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Western Cape Business 2022

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OVERVIEW Tourism

OVERVIEW Tourism Covid-19 waves are causing uncertainty. With uncertainty about exactly who could travel to South Africa, occupation rates for the 2021/22 season could not be accurately predicted but everyone agreed that having a good season would be vital for the health of the sector. City Lodge Hotels reported 60% occupancy rates over the Heritage Day long weekend, a signal that domestic tourism was picking up. December bookings at many of South Africa’s resorts were good but at the end of November, all signs were that a fourth wave was descending. Many tourism operators in the Western Cape were pinning their hopes on the 2021 tour by the British and Irish Lions, but Covid-19 allowed for no spectators or followers. A hoped-for tax benefit to South Africa of about R450-million did not materialise. A landmark on the Sea Point boulevard, the Winchester Hotel (pictured), reopened in 2021 after new owners Newmark spent R90-million on a major revamp. Having been built to house residential apartments, what became Winchester Gardens was famous for its jazz and Sunday teas. The 76-room hotel is now a luxury boutique hotel. In 2019, Cape Town Tourism projected that the value to the Western Cape of the cruise-ship industry between 2017 and 2027 would be about R220-billion. And then Covid-19 hit. Major investments have been made in the Cruise Ship Terminal, near the Cape Town International Convention Centre (CTICC), and the Cape Town Air Access programme. Air Access created more than 750 000 new inbound seats between its inception in 2015 and 2020, adding something like R6-billion to the provincial economy. In ONLINE RESOURCES Cape Nature: www.capenature.co.za Garden Route and Klein Karoo: www.visitgardenrouteandkleinkaroo.com Wesgro: www.wesgro.co.za SECTOR INSIGHT The Winchester Hotel has reopened under new management. 2019/20 the CTICC secured 52 conferences with an estimated economic impact of R2.3-billion. Unfortunately, the conferences and events sector is likely to be hit as badly as the cruise-ship industry. Following the major drought experienced by the Western Cape, the Westin Cape Town has taken steps to reduce its dependence on the municipality for water. The hotel’s position on reclaimed land in the CTICC precinct of the Foreshore means that about 1.2-million litres of seawater have to be taken out of the basement every day. This water is converted into 441 000 litres of clean water by reverse osmosis which saves more than 100-million litres of municipal water annually. The Westin has also created an organic roof garden, from which it supplies its restaurants with vegetables. The Western Cape Provincial Government wants to promote education in the arts. Based on research which found that 6% of employment in South Africa is in the cultural sector, the Western Cape will expand the traditional STEM emphasis to include two additional As: Arts and Agriculture. There are 60 000 people employed in the culture sector in the province. ■ WESTERN CAPE BUSINESS 2022 38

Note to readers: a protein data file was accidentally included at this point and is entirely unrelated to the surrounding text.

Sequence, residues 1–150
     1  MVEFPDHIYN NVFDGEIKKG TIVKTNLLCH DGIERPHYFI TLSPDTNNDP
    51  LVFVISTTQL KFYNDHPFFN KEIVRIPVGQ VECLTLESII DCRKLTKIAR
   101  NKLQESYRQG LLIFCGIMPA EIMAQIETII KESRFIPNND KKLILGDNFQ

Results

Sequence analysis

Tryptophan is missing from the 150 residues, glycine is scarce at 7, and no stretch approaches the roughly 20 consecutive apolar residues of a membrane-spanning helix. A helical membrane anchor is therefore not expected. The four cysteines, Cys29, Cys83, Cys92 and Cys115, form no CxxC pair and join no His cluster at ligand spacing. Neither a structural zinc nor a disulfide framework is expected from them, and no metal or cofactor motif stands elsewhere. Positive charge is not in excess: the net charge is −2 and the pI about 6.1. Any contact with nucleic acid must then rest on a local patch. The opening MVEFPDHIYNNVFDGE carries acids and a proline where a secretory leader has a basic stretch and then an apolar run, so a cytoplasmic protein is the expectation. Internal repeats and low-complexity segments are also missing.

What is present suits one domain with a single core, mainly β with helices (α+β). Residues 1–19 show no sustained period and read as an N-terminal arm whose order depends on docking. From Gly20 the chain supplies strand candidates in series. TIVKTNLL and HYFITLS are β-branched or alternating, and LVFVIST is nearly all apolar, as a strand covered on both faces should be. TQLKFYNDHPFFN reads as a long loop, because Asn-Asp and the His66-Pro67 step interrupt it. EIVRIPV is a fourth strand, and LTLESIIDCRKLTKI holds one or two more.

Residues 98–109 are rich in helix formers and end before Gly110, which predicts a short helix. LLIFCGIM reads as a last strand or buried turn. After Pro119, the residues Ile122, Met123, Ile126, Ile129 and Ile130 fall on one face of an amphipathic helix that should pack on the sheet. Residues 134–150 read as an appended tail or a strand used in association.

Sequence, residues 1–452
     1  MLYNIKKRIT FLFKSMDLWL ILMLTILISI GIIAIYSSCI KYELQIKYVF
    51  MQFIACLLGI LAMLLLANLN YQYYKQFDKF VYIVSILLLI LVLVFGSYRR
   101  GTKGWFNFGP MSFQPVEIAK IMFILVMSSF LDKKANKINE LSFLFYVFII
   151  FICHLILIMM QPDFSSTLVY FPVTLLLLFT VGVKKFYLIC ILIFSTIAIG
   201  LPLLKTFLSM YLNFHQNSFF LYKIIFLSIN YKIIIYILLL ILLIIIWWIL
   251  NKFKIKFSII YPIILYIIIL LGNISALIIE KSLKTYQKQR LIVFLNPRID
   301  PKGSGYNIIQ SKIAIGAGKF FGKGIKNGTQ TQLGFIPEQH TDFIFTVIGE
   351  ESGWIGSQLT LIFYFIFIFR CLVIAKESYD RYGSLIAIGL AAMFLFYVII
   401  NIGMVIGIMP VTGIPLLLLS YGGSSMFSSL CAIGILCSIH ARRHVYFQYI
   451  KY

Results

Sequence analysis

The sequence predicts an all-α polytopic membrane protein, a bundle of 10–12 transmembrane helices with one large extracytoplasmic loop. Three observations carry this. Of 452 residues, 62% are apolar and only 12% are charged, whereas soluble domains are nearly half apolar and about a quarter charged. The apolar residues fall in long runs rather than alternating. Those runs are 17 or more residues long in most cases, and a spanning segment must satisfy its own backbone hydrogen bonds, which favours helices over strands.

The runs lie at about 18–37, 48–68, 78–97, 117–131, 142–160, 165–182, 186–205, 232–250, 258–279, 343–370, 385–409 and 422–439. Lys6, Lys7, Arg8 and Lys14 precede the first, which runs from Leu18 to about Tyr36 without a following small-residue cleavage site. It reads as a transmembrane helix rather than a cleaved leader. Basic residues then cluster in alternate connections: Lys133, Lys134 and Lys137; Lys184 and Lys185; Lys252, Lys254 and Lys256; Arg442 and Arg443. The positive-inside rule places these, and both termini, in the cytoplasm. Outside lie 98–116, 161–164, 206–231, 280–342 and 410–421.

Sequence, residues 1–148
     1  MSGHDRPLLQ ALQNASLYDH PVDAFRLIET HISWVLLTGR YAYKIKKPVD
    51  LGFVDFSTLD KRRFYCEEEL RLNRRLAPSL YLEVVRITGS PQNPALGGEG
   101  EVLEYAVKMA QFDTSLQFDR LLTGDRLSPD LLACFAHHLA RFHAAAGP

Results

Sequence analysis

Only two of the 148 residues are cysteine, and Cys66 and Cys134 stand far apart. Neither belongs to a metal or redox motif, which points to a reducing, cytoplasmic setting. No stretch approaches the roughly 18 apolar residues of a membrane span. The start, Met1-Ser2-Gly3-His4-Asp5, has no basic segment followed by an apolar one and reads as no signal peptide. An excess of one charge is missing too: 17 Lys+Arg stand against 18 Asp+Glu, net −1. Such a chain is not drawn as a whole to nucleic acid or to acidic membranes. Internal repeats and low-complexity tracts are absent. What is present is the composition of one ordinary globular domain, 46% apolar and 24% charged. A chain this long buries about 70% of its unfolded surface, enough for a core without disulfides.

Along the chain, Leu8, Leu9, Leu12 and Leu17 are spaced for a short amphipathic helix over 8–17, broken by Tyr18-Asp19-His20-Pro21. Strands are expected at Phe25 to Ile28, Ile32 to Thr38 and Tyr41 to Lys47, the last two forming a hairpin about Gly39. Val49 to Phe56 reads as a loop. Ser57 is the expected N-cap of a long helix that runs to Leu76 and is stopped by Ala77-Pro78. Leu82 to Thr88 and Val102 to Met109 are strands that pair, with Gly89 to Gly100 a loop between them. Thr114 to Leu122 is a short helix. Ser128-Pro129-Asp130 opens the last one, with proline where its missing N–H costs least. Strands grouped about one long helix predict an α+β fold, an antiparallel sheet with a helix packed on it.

FOCUS Save our Beach Huts A campaign is underway to restore Cape Town’s colourful landmarks. Credit: A Gorman Photography The Beach Huts of Cape Town have been around since the late 1800s. Over their lifetime they have changed significantly, eventually becoming the colourful huts we see today. They have always been a feature of our beaches. These structures have risen to iconic status, outgrowing their practical usefulness. Their true value lies in being an instantly recognisable image and arguably South Africa’s most iconic man-made structures. They occupy a significant portion of South Africa’s global brand image. The importance of this for attracting tourism to our country cannot be overstated. Tourism, a large source of foreign direct income, has an important role to play in alleviating poverty and creating opportunities for all South Africans. Tourism is everybody’s business. The Beach Huts have been falling into disrepair for some time. A harsh environment, complex Contact details The Beach Hut Trust: Angela Gorman Mobile: 079 504 1933 Email: info@beachhuts.org.za municipal structures and more pressing socioeconomic issues have resulted in the nearcollapse of this iconic infrastructure. The Beach Huts are as important to South Africa as the Statue of Liberty or the Eiffel Tower is to New York and Paris. The SAVE OUR BEACH HUTS campaign, run by The Beach Hut Trust, is a public and private collaborative initiative. The objectives are to Preserve, Protect and Promote the Beach Huts, Cape Town’s most iconic structures. To us, they represent opportunity and hope for South Africa. To the world, they represent a reason to travel here. We aim to create employment, restore an icon, promote tourism and generate a Beach Beach Huts-inspired industry that will sustain them indefinitely. The opportunities are endless and we are calling on all businesses to see how they can help support the programme to #SaveOurBeachHuts. ■ Daniel Blaauw Mobile: 081 776 6522 Email: info@beachhuts.org.za 39 WESTERN CAPE BUSINESS 2021

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